“Inadvertent Research”

What’s the main ingredient we bring to the blank page, whether we know we’re bringing it or not?

Saying any piece of writing ‘transcends its genre’ is an efficient way to grit the teeth of any genre writer. However, from the perspective of a genre writer who happens to be learning transcendental meditation (hello), transcending stops being about moving above or beyond. It becomes a journey in (and, simultaneously, out). As a result, I’m giving myself permission to think exactly that about ‘A Crash Course in Black Holes’, Aliya Whiteley’s essay in Writing the Future edited by Writers’ Gym series one guest Dan Coxon. I loved this deeply thoughtful, friendly conversation with and love-letter to the writing process. It speaks not only to the direct subject matter of science fiction writing and being a science fiction writer but of the relationship between research and writing – no matter what our subject, or our idea of what research means for us.

“Am I writing a novel? Or am I, in fact, watching Bargain Hunt?” Novelist Katharine Orton’s (artist formerly known as) Twitter page, c. 2021

As much as we might doubt ourselves as we stare out of the window, at/through the TV or computer screen, research can be everything, even and especially when it’s not relevant to the current project: “Life is research,” Aliya reminds us. “Just being alive is research. This includes… eating, drinking and sleeping, and watching television, and sitting at the bottom of the shower in a bad mood. It’s probably not relevant for the thing you’re writing now… Let’s call it inadvertent, long-distance, secondary research.” It can be just as much of an environment for self-doubt when it’s more obviously research, too. When does period research become procrastination? When does reading what everyone else has said about what you want to talk about become a distorting mirror for our own view of the worthiness or sanity of what we are trying to create ourselves?

Research is part of most of our processes, which is what makes authorial google histories so worrying and apt for hilarity/misconstruction. This week I’ve asked a GP about how best to arrange an accidental death for a character (N.B. I did NOT use an NHS appointment for this: the GP in question is my cousin). More horrifically still, I heard myself commenting on how marvellously convenient her answer was.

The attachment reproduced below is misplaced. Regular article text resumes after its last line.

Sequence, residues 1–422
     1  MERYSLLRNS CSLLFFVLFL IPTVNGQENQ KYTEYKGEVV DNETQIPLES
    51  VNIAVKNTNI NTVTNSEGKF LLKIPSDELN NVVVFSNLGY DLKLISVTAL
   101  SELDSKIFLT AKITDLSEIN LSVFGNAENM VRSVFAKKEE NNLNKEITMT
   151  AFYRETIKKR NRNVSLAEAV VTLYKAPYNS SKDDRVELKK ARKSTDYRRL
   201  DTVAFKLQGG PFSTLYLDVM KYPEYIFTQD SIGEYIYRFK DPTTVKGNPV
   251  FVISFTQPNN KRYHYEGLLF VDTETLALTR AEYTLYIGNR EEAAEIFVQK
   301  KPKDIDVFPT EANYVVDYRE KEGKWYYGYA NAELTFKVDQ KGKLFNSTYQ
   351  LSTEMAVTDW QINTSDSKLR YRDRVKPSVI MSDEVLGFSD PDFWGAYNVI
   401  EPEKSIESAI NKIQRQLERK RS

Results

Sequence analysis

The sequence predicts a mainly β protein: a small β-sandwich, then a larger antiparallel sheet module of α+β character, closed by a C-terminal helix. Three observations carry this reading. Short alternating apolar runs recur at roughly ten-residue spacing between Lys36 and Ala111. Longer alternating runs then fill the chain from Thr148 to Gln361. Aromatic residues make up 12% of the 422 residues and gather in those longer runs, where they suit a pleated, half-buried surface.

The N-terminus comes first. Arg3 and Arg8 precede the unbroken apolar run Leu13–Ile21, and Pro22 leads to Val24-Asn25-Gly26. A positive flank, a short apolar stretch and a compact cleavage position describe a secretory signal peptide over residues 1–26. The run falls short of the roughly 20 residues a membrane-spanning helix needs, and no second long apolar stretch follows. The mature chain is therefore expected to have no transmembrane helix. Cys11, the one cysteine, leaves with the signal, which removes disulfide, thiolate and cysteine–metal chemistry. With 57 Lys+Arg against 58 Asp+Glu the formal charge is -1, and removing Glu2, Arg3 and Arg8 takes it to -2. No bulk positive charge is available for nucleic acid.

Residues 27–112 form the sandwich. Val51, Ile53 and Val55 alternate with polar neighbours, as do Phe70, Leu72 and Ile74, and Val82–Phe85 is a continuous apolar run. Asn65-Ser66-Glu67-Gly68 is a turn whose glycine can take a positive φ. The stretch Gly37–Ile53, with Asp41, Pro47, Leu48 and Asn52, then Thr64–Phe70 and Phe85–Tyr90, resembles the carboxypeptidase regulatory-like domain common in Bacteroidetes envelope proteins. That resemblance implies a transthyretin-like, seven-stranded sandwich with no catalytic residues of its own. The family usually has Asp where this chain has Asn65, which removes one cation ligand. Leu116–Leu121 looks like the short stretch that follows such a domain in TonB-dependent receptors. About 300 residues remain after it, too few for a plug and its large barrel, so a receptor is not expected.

Katharine’s tweet and Aliya’s essay both offered me reassurance around the most important thing for a creative writer to know: that self-esteem, or lack of it, is the main ingredient; the key thing we bring to the blank page. Which is absolutely fine, as long as we acknowledge this and its intrinsic dangers, that research (particularly interesting, enjoyable research which all research is fairly likely to become when we’re working on subjects we are drawn to) is fuel and not destination, that it’s only as useful if we keep coming back from it to pour into the next blank page.

“At some point the idea and the information will come together to the moment where writing can start. Recognising that point, and acting upon it, is difficult. But I always feel better once I sop procrastinating and get on with it.” – Aliya Whiteley

Not waiting for our feelings or the doubts to resolve, but providing our feelings with evidence of facts in the world, is the way through this: showing-not-telling ourselves that whatever undermines our confidence does not, in fact, have more reality than what we put into the world does. There is nothing more real than coming back to the blank page and daring to fill it. Hence, as Aliya says, “Finishing that story, whether it’s good or bad, publishable or awful, is its own form of research for the next story.” And, while all research is absolutely fuel, we’re the ones who channel it into a unique journey:

“All research is subjective… If we all read the same sources at the same time… we’d come away with various pieces of information that have resonated, connected, affected us differently. I think maybe that’s where inspiration lives.” – Aliya Whiteley